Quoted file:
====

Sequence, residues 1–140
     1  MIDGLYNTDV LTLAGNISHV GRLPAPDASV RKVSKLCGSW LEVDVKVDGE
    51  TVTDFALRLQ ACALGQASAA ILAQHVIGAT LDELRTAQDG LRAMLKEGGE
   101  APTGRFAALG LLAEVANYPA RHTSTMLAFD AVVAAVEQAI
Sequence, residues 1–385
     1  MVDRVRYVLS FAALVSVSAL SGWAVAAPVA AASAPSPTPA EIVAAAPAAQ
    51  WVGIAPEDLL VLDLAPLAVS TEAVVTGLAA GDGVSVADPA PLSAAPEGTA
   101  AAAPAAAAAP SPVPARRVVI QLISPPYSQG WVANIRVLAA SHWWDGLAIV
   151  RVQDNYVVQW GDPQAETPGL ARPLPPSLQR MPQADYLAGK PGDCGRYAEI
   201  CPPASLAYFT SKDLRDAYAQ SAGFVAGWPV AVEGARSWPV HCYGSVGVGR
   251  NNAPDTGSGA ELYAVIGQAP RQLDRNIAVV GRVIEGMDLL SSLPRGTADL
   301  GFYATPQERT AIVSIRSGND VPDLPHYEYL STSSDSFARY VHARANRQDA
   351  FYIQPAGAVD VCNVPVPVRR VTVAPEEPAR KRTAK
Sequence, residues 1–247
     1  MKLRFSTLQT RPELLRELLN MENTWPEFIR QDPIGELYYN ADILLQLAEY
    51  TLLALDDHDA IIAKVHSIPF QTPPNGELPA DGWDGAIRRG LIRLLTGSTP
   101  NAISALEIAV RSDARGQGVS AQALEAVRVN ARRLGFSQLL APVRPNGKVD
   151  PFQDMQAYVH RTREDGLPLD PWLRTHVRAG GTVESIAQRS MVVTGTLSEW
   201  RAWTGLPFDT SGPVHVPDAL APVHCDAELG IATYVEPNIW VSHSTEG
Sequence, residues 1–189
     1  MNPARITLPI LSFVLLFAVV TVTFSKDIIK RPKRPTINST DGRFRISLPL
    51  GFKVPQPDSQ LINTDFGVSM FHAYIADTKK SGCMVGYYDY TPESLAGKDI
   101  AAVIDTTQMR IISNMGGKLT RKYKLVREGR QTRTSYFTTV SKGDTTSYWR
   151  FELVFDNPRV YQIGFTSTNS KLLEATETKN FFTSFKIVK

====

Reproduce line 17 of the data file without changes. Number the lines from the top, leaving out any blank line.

   101  NAISALEIAV RSDARGQGVS AQALEAVRVN ARRLGFSQLL APVRPNGKVD